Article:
Vincit crafts user experiences. In order to tackle such a broad task, we rely on Strategists, Interaction Designers (ex UI / UX Designers), and Software Engineers, all working together to create that holistic user experience.
You might have noticed that we combine UI and UX into a single role, “Interaction Design”
This is a different approach than a typical design agency will take, where roles are separated into UX Researchers, UX Designers, and UI or Visual Designers. We believe that separating research, planning, and implementation is a recipe for wasted hours and incoherent results. When each person hands off their work to the next, the nuances of their learnings and decisions are lost and the documentation required for handoff is time consuming. After this game of telephone, the final product is pretty far removed from the user research.
For larger projects, when a team is involved, instead of each member owning a stage of the project and then handing off, each member owns a share of the work throughout the entire project. This allows for greater collaboration, and allows the nuances from the original findings to come through in the final product. We call that person an Interaction Designer, because they have control over the User’s experience purely as it relates to the time the user spends interacting with the product. The before and after will be crafted by our Strategists, working closely with the client. We make sure the whole team is in each meeting and collaborates closely with one another to keep everyone in the loop.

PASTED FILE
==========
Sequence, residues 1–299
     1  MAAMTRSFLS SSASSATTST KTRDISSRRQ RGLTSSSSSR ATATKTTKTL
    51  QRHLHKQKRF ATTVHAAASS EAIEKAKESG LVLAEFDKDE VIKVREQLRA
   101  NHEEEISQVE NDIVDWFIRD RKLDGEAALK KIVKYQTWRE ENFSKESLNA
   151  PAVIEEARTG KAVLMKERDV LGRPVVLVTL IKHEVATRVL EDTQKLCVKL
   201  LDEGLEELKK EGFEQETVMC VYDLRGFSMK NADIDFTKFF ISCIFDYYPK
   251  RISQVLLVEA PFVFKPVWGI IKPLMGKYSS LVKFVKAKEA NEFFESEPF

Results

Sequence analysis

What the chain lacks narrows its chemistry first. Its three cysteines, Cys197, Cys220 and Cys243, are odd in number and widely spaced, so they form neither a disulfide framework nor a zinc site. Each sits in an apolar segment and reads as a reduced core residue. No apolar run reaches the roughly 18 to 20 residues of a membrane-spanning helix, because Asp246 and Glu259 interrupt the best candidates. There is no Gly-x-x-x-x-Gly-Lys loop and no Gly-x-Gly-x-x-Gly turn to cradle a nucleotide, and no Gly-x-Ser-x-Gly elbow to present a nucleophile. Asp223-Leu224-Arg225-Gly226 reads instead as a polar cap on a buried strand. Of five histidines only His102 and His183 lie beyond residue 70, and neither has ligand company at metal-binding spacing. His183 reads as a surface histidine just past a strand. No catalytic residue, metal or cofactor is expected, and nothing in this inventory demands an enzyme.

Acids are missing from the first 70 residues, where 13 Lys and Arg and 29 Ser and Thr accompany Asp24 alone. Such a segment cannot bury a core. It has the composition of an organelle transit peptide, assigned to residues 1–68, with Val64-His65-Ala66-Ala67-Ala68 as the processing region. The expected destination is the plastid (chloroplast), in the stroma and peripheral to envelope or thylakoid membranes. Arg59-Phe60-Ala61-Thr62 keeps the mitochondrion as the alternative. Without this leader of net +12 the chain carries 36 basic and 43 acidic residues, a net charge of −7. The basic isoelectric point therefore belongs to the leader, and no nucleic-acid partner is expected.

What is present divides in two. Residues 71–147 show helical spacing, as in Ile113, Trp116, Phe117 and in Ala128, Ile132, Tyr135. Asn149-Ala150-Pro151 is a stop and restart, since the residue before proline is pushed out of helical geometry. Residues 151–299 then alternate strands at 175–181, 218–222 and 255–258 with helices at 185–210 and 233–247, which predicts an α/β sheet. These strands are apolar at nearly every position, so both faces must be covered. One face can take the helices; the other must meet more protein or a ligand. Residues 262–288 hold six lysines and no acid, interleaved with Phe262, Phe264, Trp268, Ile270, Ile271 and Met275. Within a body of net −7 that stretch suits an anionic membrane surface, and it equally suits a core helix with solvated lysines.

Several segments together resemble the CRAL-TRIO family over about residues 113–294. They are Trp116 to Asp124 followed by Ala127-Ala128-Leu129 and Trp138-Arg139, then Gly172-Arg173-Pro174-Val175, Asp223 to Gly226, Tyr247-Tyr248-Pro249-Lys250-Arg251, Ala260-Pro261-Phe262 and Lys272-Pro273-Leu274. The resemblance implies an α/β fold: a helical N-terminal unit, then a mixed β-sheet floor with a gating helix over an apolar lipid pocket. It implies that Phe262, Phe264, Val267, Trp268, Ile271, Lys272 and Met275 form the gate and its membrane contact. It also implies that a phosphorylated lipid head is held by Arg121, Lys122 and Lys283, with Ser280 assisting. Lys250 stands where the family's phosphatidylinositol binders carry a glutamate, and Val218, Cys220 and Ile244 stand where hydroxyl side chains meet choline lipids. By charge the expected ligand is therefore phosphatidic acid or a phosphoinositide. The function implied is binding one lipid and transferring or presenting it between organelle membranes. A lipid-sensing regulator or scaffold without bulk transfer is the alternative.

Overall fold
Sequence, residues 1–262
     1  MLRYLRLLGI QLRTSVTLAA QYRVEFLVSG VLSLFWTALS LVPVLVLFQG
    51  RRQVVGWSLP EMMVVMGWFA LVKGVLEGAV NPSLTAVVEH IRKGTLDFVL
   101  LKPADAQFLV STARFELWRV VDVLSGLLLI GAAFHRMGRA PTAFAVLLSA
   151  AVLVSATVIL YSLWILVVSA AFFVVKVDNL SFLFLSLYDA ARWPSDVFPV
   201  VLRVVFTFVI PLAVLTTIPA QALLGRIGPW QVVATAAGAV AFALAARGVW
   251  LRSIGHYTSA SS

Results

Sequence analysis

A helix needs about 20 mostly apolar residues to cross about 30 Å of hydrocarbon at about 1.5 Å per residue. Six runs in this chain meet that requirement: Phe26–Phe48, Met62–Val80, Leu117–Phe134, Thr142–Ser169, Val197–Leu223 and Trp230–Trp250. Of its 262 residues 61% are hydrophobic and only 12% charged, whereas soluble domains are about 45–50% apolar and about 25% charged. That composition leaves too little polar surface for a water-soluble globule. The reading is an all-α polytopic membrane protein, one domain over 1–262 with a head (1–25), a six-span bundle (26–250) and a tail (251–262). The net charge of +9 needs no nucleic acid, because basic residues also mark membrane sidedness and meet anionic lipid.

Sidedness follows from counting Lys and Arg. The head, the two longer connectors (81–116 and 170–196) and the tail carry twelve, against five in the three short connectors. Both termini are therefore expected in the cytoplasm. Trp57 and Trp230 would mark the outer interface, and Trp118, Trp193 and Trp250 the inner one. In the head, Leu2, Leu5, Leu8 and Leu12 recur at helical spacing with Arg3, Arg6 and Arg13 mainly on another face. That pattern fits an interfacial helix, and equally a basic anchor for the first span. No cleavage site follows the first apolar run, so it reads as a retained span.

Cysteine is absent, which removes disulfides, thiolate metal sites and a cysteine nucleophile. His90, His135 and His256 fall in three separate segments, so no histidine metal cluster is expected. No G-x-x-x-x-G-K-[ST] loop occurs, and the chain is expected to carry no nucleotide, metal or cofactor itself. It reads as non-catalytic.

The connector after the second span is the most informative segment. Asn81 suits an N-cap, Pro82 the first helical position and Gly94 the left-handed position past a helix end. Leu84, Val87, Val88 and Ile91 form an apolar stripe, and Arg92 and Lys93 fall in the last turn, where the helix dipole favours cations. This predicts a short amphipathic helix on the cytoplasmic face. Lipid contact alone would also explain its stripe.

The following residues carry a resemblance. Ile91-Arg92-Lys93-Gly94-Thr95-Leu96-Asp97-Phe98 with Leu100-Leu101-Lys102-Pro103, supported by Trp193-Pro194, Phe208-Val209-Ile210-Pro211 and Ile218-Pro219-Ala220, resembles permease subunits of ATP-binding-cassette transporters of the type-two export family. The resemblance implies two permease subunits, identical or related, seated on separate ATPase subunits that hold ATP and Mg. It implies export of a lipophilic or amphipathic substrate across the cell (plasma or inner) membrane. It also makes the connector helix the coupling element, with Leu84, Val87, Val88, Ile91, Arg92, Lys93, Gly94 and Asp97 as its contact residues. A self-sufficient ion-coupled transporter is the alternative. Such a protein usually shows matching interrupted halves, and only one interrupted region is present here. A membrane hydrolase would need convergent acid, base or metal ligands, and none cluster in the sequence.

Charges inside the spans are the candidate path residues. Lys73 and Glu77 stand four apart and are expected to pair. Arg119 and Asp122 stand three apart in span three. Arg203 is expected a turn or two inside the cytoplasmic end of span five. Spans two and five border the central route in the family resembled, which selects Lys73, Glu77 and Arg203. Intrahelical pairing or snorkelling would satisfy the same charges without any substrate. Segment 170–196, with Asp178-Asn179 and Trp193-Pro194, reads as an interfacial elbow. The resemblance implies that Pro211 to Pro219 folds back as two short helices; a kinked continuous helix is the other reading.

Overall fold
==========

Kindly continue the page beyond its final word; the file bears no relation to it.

Feeling a bit skeptical?
So were we at first, but after testing the approach with multiple projects, the results have been great. I’ll try to address a few of the main concerns:
You might be thinking that this approach requires a lot of unicorns, since the Interaction Design role spans from user research through final animations. But even before UX was called UX, designers have always been considering the user experience, even if they didn’t realize it. Great hierarchy, logical structure, and usability are a huge part of what makes a design beautiful. There’s a happy Medium (ayyy) between a generalist and specialist that we look for in new hires, allowing for the team to give quality input on all aspects of the project, while still focusing on their strongest areas. This approach also allows for huge personal growth for each team member, exposing them to areas where they can improve on a daily basis.
You’re probably also thinking something along the lines of “aw hell no” about sharing the same type of work throughout a project because of design file versions, inconsistencies, etc. (AppUI_V47_Final_FinalForRealsies.sketch sound familiar?) We worried about that too, but we recently switched over to Figma where we can collaborate in real time on the same file, with version control and shared libraries. This is allowing us to find newer and better ways of working together, which is pretty exciting. But Figma is a topic for another day.
In the next article I’ll discuss the importance of the User Experience. See you soon!